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CD: Texts available on CD version.Texts available in multiple languages.
Cover Page: Outline of U.S. Economy

· Department of Commerce
Department of Commerce. Bureau of Economic Analysis
· U.S. Congress: Joint Economic Committee
· Department of State/ IIP: Economics & Trade/ Introduction
· National Bureau of Economic Research
An Outline of the American Economy | The U.S. Economy: A Brief History
Portrait of the USA: The Business of America CD

Original Documents
· Beige Book 2008: Current Economic Conditions
· Economic Report of the President 2008 | The Year in Review & the Years Ahead
· State of Economy 2007


· Census Bureau: Economic Programs | Business and Industry
· Department of Labor: Spotlight on Statistics
· Economic Indicators
· Economic Report of the President 2008 | Improving Economic Statistics
· Economic Statistics Briefing Room
· Overview of the Economy
· Selected Economic Characteristics 2006
Statistical Abstract 2008
U.S. Economy and the Federal Budget


When the United States sneezes, an economists' proverb says, the rest of the world catches a cold.

Between 1995 and 2005, the United States accounted directly for one-third of global economic expansion, according to the nonprofit Council on Competitiveness. Between 1983 and 2004, soaring U.S. imports added nearly 20 percent of the increase of the world's exports. "Developing countries accounted for an increasing share of U.S. exports, 32.8 percent in 1985 versus 47.0 percent in 2006," a Congressional Research Service (CRS) report says. "Developing countries accounted for 34.5 percent of U.S. imports in 1985 and 54.7 percent ... in 2006."

After a mild recession in March-November 2001, the U.S. economy resumed expanding, an average 2.9 percent during 2002-2006, while price inflation, unemployment, and interest rates remained relatively low. By various measures the United States remains the world's most productive, competitive, and influential large economy. Yet more and more the U.S. economy is itself influenced by dynamic economies overseas. And it faces challenges both at home and abroad.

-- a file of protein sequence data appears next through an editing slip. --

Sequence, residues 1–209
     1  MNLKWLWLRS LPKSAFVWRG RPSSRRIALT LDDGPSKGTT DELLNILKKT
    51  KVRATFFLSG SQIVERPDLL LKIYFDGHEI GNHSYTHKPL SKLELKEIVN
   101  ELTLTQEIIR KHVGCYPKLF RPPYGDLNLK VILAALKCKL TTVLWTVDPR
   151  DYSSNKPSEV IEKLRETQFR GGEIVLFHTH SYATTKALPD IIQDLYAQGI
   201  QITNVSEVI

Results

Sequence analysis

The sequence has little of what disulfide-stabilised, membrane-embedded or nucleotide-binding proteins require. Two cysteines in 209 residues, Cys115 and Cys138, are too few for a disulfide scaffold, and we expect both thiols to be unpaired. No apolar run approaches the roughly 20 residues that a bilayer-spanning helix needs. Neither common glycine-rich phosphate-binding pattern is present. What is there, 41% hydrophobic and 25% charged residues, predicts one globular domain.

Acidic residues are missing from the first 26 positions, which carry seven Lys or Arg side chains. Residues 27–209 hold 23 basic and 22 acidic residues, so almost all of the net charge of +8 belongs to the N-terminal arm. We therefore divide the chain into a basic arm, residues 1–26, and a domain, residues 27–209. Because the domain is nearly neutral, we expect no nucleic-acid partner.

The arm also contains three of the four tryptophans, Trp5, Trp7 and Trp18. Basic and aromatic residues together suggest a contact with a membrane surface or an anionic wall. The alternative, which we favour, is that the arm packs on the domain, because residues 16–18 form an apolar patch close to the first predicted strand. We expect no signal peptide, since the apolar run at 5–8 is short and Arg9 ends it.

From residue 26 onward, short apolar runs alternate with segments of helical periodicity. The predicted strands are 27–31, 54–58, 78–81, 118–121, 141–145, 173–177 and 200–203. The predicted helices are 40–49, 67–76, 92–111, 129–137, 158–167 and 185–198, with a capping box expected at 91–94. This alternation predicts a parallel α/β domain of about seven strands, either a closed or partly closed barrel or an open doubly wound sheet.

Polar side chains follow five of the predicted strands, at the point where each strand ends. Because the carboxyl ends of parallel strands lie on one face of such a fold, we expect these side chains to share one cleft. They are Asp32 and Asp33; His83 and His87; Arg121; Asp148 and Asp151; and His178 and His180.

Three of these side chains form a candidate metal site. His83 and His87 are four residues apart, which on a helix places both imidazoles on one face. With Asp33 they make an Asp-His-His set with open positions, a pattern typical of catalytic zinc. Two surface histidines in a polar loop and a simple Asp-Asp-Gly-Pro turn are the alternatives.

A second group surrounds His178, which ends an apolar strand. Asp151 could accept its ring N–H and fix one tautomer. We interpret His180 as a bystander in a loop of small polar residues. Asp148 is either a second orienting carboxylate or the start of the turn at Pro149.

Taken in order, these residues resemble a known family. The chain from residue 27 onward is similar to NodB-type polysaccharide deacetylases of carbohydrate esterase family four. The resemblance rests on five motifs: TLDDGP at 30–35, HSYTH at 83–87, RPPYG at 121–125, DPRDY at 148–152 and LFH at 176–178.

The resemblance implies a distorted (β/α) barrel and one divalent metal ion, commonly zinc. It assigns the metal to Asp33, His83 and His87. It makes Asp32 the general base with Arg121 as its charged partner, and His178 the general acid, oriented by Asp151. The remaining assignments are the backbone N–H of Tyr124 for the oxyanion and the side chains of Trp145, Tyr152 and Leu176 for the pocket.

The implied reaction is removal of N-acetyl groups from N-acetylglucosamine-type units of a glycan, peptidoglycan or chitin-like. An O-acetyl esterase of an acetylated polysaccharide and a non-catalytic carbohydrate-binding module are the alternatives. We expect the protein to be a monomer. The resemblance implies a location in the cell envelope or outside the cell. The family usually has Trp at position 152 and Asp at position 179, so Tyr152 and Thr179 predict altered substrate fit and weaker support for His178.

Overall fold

The United States remains a "market economy." Americans continue to believe that an economy generally operates best when decisions about what to produce and what prices to charge for goods are made through the give-and-take of millions of independent buyers and sellers, not by government or by powerful private interests.

Besides believing that free markets promote economic efficiency, Americans see them as a way of promoting their political values as well -- especially, their commitment to individual freedom and political pluralism and their opposition to undue concentrations of power. The American belief in "free enterprise" has not precluded a major role for government, however. Americans at times have looked to government to break up or regulate companies that appeared to be developing so much power that they could defy market forces. They have relied on government to address matters the private economy overlooks, from education to protecting the environment. And despite their advocacy of market principles, they have used government at times to nurture new industries, and at times even to protect American companies from competition.

(Parts of the following introduction were taken from the U.S. Department of State publication, USA Economy in Brief.)


For High School Students
· Academy of Achievement: Museum of Living History
Factmonster: Largest U.S. Businesses
· Factmonster: Leading Industries
· Test Your Own Economic Literacy

Teacher Resources
· How Is Our Economy Doing?
Interpreting Economic Indicators
· Integrating Economics Topics
· National Council on Economic Education: Resources
· Pencil Economics


Link Lists
· American University Library: Economics
· Bizjournals - American City Business Journals
· The Internet Public Library: Business & Economics

Texts are abridged from U.S. State Department IIP publications and other U.S. government materials.
Any reference obtained from this server to a specific commercial product, process, or service does not constitute or imply an endorsement by the United States Government of the product, process, or service, or its producer or provider. The views and opinions expressed in any referenced document do not necessarily state or reflect those of the United States Government.
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Updated:May 2008